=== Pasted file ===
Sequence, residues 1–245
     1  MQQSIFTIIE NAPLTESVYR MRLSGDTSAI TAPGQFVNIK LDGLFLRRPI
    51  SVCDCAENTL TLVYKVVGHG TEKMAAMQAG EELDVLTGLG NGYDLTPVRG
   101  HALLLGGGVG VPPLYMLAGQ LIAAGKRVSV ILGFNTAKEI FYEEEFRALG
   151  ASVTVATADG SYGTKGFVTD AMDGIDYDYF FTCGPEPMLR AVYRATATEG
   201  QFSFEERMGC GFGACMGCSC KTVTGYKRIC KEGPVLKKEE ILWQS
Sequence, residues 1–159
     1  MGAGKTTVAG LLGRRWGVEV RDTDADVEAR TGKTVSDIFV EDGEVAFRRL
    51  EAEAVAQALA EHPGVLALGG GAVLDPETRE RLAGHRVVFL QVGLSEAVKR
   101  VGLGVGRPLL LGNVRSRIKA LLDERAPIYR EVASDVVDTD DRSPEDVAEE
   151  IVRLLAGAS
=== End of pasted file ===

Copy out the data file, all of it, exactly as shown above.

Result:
Sequence, residues 1–245
     1  MQQSIFTIIE NAPLTESVYR MRLSGDTSAI TAPGQFVNIK LDGLFLRRPI
    51  SVCDCAENTL TLVYKVVGHG TEKMAAMQAG EELDVLTGLG NGYDLTPVRG
   101  HALLLGGGVG VPPLYMLAGQ LIAAGKRVSV ILGFNTAKEI FYEEEFRALG
   151  ASVTVATADG SYGTKGFVTD AMDGIDYDYF FTCGPEPMLR AVYRATATEG
   201  QFSFEERMGC GFGACMGCSC KTVTGYKRIC KEGPVLKKEE ILWQS
Sequence, residues 1–159
     1  MGAGKTTVAG LLGRRWGVEV RDTDADVEAR TGKTVSDIFV EDGEVAFRRL
    51  EAEAVAQALA EHPGVLALGG GAVLDPETRE RLAGHRVVFL QVGLSEAVKR
   101  VGLGVGRPLL LGNVRSRIKA LLDERAPIYR EVASDVVDTD DRSPEDVAEE
   151  IVRLLAGAS